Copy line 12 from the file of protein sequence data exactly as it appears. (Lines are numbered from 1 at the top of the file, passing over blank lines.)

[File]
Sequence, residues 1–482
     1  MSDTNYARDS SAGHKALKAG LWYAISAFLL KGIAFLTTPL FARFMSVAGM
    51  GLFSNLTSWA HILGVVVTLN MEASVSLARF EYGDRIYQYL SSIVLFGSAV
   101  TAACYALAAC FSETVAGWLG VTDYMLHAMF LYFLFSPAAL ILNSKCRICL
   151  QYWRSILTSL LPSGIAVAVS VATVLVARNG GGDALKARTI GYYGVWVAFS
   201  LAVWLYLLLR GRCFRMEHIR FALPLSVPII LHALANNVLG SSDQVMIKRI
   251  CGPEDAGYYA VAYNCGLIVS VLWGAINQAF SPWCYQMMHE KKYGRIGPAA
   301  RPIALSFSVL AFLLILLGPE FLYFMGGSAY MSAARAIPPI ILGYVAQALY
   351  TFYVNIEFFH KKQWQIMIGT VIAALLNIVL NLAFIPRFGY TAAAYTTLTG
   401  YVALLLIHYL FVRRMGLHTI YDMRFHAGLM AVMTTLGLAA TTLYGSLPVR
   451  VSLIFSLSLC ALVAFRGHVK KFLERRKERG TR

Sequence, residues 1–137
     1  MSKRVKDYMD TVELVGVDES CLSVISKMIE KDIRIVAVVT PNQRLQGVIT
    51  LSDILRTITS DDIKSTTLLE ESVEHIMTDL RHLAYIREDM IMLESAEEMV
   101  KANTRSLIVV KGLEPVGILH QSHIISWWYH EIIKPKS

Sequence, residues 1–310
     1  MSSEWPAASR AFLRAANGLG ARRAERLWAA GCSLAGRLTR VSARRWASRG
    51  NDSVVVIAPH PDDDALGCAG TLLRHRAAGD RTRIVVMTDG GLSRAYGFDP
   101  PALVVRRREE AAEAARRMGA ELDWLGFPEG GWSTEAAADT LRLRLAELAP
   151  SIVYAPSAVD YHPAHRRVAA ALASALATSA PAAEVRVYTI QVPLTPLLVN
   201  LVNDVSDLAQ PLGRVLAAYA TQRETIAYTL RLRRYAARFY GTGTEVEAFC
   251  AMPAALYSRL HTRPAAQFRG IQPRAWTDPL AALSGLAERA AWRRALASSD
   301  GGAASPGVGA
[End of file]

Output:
Sequence, residues 1–137